I have a 1960 build house; the original panel is now a subpanel off a new main panel (installation date unknown). In my opinion the 2 connections on the “subpanel” shown with the arrow and the circled area should be removed to isolate the neutral and the EGC. Your opinions or questions please.
Correct. The panel now requires that the neutrals be isolated from the enclosure. The egc’s must remain bonded (connected to) the enclosure.
It also gets more confusing than that when someone has the GEC (Grounding Electrode Conductor) located now in the remote distribution panel and not in the service equipment enclosure because now a GEC has to be established at the new upstream service disconnection means location.
In that image I have to be honest…what the heck is that conductor from the lug to the mounting screw of the bus doing (Arrow)…just seems strange to me as that bus already looks connected to that bus where grounded conductors are located…but then again I will chalk it up to my poor old vision and diabetes.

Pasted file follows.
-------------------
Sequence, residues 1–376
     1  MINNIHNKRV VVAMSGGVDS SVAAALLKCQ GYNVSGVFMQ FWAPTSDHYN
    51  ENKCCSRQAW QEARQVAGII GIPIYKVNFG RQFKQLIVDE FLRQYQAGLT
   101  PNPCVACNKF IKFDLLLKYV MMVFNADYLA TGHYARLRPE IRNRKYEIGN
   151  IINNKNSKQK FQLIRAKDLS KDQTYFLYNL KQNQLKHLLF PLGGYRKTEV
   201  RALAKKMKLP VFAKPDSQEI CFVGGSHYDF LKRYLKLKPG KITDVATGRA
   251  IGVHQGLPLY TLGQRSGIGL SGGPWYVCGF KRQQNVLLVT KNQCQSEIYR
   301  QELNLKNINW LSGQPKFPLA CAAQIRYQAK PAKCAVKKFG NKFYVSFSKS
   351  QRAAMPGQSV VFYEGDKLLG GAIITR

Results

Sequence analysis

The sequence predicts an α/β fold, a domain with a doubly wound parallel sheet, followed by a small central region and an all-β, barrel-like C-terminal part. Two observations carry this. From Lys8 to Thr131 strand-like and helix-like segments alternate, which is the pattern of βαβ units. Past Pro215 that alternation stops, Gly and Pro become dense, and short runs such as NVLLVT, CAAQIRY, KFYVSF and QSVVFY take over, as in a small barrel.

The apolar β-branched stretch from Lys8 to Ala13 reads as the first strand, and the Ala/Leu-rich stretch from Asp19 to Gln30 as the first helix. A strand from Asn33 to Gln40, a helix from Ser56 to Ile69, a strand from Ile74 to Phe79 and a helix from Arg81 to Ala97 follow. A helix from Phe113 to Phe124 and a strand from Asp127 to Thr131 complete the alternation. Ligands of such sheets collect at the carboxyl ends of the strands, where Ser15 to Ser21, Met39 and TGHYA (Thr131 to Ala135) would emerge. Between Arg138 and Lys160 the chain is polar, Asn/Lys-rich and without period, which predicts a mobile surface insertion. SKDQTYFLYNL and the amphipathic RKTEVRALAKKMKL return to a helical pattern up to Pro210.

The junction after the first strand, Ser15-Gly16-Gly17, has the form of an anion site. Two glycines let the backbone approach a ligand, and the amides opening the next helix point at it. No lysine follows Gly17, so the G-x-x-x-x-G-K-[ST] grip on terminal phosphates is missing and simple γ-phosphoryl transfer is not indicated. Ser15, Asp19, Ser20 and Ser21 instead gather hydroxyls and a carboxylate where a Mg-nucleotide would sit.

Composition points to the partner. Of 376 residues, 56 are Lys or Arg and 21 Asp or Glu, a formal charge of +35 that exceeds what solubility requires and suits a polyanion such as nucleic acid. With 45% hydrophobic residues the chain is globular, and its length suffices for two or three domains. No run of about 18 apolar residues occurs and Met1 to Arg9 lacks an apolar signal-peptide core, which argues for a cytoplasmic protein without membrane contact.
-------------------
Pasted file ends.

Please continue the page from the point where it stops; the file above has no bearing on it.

Anyway…just remember they need to establish the grounding electrode system at the service location and not in this new remote distribution panel location. While it probably already exists in this old panel…it now has to exist in the new service panel.
of course their are other issues in that panel…but not part of the requested info.
That now looks like a jumper improperly doubled in the lug and going to a mounting screw for the neutral bar.
Some older panels were only suitable for use as service equipment. There was no means to unbond the neutral from the enclosure.
Thank you Gentlemen